Rural economic development conference to meet in-person for first time since 2019

What’s happening: For the first time since 2019, the Small Town and Rural Development Conference will be meeting in person. Now in its 18th year, the annual conference was canceled in 2020 and held virtually in 2021, a result of the COVID-19 pandemic. Registration is currently open to attend the conference, which is scheduled to run from Monday, May 16, through Wednesday, May 18, at the Crystal Mountain resort in Thompsonville.

What it is: Hosted by Rural Partners of Michigan, the Small Town and Rural Development Conference gathers those working in and on behalf of small and rural communities throughout the state for a three-day conference complete with prominent guest speakers, the Consumers Energy Foundation Pitch Competition, networking opportunities, and more.

Why it’s important: “This is the only statewide conference that is focused on rural economic development that we have,” says Jessica AcMoody, policy director for the Community Economic Development Association of Michigan. “This really offers a great opportunity for those people working on behalf of the smaller communities in Michigan, to share their best practices, learn about innovative programs that are happening around the state, explore ways to collaborate, and find out how they’re best using federal dollars that are coming down.”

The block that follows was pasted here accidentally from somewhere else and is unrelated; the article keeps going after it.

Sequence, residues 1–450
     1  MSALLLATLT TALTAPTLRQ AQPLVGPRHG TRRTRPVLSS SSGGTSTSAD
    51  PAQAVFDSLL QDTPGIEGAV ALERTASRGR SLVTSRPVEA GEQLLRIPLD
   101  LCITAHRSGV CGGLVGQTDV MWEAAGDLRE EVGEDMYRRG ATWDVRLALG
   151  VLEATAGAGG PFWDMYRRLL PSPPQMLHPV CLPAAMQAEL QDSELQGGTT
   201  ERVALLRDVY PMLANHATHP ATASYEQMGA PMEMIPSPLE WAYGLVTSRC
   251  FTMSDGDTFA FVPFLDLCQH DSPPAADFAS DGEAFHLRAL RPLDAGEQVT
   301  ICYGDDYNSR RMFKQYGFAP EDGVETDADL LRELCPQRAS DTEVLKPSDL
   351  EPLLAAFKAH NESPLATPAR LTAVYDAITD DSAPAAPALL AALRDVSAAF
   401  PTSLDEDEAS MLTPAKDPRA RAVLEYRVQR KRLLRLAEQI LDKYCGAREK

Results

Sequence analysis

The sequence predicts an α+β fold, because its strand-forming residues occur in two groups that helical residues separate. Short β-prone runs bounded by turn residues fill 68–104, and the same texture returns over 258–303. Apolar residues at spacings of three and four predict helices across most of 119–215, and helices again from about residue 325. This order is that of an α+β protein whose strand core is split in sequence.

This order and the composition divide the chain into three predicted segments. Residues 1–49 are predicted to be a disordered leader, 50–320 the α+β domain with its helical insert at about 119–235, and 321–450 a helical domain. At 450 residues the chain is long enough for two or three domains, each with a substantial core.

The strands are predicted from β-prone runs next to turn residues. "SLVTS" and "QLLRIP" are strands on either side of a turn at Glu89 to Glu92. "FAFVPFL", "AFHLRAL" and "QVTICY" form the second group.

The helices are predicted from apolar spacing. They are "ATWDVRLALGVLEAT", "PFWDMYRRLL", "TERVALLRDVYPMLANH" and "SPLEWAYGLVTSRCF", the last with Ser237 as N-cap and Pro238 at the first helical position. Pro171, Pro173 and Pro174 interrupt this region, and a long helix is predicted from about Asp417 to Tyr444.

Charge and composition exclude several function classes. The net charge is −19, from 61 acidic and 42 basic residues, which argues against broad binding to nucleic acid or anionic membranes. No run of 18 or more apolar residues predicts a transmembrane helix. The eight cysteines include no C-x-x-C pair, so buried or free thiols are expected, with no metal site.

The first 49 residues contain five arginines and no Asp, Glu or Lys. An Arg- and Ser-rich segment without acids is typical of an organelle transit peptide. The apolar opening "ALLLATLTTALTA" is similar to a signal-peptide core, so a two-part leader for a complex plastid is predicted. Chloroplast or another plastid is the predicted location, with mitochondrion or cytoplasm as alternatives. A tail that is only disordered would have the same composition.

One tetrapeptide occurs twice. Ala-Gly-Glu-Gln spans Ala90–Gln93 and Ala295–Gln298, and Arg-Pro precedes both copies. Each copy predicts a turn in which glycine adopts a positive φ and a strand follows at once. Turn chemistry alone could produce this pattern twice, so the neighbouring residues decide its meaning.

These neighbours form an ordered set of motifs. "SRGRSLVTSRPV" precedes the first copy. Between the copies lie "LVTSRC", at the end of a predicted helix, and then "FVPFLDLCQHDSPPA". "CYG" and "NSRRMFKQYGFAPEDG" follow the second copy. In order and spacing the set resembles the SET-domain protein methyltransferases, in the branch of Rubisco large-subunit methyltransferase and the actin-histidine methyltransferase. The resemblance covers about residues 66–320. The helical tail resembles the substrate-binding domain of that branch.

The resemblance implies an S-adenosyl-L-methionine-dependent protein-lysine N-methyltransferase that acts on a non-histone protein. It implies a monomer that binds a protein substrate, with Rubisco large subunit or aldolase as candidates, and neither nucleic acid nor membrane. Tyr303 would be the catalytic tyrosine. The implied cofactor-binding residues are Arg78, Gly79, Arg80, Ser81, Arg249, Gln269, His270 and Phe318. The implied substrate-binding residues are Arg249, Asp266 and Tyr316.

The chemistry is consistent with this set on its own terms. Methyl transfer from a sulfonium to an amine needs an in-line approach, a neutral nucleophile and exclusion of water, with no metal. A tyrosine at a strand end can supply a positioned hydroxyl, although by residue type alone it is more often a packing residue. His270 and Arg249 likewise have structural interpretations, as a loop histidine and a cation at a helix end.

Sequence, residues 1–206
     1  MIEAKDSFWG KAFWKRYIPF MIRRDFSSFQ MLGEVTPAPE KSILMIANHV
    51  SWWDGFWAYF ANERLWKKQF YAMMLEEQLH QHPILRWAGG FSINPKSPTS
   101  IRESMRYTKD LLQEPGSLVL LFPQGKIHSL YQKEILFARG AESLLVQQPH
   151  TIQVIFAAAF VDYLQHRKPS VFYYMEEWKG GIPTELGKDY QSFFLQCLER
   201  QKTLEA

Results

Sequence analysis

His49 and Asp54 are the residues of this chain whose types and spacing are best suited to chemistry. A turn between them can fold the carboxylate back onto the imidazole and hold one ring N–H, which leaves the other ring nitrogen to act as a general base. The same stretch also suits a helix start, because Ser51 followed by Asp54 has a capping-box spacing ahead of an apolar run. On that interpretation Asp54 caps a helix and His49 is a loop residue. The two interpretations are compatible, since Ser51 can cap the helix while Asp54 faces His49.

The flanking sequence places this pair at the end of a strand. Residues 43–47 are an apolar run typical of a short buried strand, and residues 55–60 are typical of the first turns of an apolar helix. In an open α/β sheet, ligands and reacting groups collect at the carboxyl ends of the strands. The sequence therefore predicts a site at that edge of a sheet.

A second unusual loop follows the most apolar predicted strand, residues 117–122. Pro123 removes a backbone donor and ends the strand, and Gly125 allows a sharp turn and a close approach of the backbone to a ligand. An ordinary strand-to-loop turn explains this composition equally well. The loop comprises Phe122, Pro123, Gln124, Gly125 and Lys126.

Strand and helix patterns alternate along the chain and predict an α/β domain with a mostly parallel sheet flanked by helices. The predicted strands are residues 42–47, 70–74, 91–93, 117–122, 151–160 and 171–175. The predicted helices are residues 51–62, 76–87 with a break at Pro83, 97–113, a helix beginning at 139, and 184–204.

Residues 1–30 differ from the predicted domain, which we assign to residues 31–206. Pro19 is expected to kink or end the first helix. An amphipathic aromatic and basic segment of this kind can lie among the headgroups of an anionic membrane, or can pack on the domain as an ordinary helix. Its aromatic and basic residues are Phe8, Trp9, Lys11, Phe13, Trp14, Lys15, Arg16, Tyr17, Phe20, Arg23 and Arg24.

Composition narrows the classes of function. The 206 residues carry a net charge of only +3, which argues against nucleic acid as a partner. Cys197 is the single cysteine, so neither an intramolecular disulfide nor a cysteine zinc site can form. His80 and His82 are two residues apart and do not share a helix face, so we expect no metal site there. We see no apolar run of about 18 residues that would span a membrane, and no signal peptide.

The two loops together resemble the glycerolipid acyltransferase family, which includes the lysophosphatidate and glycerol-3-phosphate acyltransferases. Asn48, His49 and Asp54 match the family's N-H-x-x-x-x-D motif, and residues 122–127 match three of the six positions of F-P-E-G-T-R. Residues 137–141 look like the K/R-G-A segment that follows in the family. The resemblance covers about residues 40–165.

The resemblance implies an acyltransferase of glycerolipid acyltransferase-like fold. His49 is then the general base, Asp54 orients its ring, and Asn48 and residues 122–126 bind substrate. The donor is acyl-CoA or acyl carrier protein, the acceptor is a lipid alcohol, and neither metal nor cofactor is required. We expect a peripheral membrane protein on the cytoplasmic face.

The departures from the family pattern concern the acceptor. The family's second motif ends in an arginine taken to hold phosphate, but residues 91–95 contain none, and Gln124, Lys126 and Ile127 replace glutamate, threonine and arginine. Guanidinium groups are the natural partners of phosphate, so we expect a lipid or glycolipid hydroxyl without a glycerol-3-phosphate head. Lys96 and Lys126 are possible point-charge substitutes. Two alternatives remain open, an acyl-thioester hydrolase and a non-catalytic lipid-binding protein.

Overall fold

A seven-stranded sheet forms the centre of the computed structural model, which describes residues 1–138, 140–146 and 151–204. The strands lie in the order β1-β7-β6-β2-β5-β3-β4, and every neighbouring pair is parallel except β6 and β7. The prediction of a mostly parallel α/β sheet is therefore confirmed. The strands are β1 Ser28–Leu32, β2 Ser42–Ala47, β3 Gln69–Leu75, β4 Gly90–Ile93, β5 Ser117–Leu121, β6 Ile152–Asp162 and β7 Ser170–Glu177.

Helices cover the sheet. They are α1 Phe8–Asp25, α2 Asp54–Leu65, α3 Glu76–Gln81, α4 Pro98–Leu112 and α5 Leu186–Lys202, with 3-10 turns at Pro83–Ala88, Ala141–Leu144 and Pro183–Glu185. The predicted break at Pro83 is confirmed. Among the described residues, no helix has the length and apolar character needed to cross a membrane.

What’s planned: There are four primary tracks being explored at this year’s conference: housing, broadband access, renewable energy, and economic development. Prominent guest speakers include Xochitl Torres Small, USDA under secretary for Rural Development; Brandon Fewins, state director for USDA Rural Development; Sarah Lucas, deputy for Rural Development, MDARD Office of Rural Development; and more.

Welcome back: “This is the first time we’ve been able to get together in person since Covid hit. It’s a great opportunity to share the challenges facing rural communities and the innovative ways we’re solving those issues,” AcMoody says. “The conference offers a great way for rural community leaders to connect and network. That’s the biggest deal with being back in-person; it’s much easier to network.”

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